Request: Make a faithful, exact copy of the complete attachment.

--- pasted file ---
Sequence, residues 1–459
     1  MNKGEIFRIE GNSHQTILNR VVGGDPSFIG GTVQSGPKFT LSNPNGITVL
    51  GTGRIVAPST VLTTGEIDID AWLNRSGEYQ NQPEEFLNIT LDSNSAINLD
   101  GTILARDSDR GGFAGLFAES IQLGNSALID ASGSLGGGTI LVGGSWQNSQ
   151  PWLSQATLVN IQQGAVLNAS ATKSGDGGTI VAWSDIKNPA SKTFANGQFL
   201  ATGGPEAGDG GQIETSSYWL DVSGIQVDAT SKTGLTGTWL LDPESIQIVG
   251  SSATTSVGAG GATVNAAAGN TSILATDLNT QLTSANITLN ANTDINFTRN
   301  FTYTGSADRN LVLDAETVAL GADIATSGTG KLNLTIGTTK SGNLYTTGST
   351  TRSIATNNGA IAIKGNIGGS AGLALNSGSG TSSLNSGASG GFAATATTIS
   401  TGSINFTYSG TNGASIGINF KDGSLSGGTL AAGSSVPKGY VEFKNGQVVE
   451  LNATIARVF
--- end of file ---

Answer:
Sequence, residues 1–459
     1  MNKGEIFRIE GNSHQTILNR VVGGDPSFIG GTVQSGPKFT LSNPNGITVL
    51  GTGRIVAPST VLTTGEIDID AWLNRSGEYQ NQPEEFLNIT LDSNSAINLD
   101  GTILARDSDR GGFAGLFAES IQLGNSALID ASGSLGGGTI LVGGSWQNSQ
   151  PWLSQATLVN IQQGAVLNAS ATKSGDGGTI VAWSDIKNPA SKTFANGQFL
   201  ATGGPEAGDG GQIETSSYWL DVSGIQVDAT SKTGLTGTWL LDPESIQIVG
   251  SSATTSVGAG GATVNAAAGN TSILATDLNT QLTSANITLN ANTDINFTRN
   301  FTYTGSADRN LVLDAETVAL GADIATSGTG KLNLTIGTTK SGNLYTTGST
   351  TRSIATNNGA IAIKGNIGGS AGLALNSGSG TSSLNSGASG GFAATATTIS
   401  TGSINFTYSG TNGASIGINF KDGSLSGGTL AAGSSVPKGY VEFKNGQVVE
   451  LNATIARVF